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Thursday, 27 June, 2002, 11:09 GMT 12:09 UK
Russia passes extremism law
Moscow riots after World Cup match against Japan
Russian football hooligans have links with the far right
The lower house of the Russian parliament has given final approval to a controversial law on extremism.

The State Duma passed the bill at its third reading, with more than 270 deputies voting for the bill and 145 against.

The move comes after an upsurge in violence in major cities against foreigners and ethnic groups from southern parts of the former Soviet Union.

Russian neo-Nazi
Racist violence has increased in recent months
But the bill has been criticised by human rights group as being too vague - they say it will allow the authorities to crack down on opposition groups which are not genuinely extremist.

It now only has to be passed by the upper house, the Federation Council, before being signed into law by Mr Putin.

Public criticism

The bill defines as extremist any attempt to forcibly change the Russian constitution, undermine the country's security, take over authority by force or carry out terrorist activities.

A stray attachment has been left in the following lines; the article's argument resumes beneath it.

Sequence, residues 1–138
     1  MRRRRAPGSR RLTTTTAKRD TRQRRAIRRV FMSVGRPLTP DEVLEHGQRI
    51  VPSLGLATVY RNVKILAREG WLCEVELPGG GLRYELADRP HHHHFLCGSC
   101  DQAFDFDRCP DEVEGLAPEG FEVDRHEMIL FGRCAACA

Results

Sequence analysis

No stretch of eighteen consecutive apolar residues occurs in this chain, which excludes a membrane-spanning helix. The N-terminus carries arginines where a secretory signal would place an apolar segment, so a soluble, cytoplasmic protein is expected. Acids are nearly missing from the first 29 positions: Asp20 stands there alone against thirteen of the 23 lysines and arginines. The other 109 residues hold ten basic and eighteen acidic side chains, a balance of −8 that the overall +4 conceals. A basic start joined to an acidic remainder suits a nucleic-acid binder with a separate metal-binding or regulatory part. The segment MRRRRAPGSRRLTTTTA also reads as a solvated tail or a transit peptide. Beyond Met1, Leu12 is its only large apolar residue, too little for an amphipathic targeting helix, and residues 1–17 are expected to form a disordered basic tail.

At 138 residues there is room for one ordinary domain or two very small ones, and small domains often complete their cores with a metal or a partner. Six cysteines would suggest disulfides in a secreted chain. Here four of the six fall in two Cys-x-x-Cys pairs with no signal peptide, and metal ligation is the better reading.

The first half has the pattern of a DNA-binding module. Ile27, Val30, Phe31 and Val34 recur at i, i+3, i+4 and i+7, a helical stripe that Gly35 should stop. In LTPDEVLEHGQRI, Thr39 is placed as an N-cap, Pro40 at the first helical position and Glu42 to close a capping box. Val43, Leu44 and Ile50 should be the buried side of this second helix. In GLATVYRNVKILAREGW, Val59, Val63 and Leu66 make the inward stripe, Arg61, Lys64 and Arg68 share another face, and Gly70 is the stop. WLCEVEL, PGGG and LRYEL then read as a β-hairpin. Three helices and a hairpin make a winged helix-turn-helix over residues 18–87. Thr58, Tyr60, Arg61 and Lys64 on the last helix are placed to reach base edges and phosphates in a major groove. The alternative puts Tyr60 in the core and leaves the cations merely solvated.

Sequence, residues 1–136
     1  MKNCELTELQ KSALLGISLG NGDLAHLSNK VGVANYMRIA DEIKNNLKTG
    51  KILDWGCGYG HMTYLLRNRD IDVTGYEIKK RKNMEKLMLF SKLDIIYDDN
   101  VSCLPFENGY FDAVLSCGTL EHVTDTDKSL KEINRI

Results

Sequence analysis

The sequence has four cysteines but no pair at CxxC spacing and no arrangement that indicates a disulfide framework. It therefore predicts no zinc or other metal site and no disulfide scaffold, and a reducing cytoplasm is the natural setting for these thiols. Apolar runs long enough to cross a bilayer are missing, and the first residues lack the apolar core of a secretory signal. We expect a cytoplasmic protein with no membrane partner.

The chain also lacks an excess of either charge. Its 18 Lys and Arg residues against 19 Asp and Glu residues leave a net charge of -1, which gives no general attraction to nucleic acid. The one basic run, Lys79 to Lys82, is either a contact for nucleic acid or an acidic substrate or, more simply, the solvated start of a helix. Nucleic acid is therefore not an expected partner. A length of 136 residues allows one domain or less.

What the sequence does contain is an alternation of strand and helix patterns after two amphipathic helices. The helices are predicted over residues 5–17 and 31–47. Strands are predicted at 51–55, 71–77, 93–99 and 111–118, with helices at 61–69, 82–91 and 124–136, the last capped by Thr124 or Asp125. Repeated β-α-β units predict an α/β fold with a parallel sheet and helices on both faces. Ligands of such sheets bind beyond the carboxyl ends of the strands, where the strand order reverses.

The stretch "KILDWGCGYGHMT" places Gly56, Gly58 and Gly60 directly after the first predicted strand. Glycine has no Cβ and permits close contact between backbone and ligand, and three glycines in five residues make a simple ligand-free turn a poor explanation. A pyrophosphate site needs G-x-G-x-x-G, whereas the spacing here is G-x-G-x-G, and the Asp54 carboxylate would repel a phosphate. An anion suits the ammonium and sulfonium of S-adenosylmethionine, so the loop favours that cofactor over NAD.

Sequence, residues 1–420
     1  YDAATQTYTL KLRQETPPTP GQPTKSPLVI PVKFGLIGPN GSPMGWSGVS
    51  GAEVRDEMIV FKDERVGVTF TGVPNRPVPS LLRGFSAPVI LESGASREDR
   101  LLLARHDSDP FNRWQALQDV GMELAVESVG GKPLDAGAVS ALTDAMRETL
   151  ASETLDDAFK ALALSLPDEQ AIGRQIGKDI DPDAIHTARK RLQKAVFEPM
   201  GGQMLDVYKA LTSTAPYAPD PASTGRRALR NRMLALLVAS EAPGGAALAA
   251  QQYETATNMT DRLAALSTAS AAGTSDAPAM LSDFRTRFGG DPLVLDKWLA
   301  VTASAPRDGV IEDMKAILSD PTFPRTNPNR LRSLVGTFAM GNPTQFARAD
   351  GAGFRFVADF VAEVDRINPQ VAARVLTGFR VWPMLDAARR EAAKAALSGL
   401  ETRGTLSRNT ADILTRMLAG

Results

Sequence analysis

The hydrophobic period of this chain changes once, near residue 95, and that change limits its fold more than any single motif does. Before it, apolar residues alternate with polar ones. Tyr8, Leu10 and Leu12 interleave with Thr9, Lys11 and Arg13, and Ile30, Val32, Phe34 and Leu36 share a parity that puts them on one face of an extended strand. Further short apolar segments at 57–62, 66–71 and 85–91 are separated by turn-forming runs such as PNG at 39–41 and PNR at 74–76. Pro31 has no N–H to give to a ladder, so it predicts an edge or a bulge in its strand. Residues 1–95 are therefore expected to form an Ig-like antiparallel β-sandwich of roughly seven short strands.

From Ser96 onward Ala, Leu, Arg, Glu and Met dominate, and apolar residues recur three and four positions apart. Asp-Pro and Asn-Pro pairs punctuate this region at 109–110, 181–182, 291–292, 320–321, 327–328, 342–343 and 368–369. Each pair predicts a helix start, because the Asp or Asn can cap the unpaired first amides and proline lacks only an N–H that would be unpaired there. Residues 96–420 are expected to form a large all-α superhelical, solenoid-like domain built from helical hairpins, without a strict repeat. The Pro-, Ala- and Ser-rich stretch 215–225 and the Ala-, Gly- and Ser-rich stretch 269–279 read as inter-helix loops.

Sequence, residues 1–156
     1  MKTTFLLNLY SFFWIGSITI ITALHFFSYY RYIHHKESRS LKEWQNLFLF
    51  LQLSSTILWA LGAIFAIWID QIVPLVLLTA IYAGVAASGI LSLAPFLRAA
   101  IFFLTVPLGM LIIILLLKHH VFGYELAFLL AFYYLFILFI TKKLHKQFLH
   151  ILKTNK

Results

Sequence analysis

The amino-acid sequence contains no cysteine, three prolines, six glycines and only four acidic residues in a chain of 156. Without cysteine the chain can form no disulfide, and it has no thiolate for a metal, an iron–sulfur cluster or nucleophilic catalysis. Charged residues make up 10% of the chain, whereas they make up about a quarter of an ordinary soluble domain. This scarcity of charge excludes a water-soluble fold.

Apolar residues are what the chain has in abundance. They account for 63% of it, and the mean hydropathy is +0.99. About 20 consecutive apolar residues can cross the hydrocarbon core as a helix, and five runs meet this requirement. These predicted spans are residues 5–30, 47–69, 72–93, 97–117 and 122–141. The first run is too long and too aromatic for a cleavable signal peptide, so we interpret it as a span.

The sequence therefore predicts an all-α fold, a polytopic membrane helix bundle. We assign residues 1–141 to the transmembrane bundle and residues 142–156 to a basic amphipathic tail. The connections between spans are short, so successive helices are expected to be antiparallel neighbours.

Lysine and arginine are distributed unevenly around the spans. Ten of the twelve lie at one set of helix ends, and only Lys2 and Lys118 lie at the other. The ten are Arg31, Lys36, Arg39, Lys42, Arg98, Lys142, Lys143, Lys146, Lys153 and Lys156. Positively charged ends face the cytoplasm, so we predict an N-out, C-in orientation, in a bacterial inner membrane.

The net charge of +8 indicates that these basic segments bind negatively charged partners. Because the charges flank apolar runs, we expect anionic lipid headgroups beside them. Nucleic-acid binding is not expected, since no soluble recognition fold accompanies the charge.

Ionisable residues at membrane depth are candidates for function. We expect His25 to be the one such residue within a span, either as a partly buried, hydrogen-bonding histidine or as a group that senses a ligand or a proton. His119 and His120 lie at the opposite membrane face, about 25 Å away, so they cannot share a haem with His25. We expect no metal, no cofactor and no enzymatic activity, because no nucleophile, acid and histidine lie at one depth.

It also allows the police to disband parties and movements which have been identified as extremist.

Russian President Vladimir Putin
Putin has given strong backing to the bill
The BBC's Nikolai Gorshkov says the government is trying to make up for public criticism that it was too slow in reacting to a recent spate of xenophobic violence in Moscow.

In a national address this week President Vladimir Putin said the law would increase the country's security.

"We will not see any extremism in Russia," he said.

'Dictatorship of the bureaucracy'

Kremlin officials say the bill is simply a legal tool to deal with racist violence.

But opposition deputies in the Duma who fought against the bill argued that it would "lead to the dictatorship of the bureaucracy".

Opponents say the bill's definition of extremism could allow police to close down religious or human rights organisations, or even the Communist Party, as well as allowing courts to hand down severe punishments for demonstrators at unsanctioned protests.

Critics argue that such laws already exist, and that rooting out intolerance in Russian society as a whole could be done more effectively by changing attitudes using education or the media.

See also:

28 Jun 00 | Europe
22 Jun 98 | Europe
11 Jul 99 | Europe
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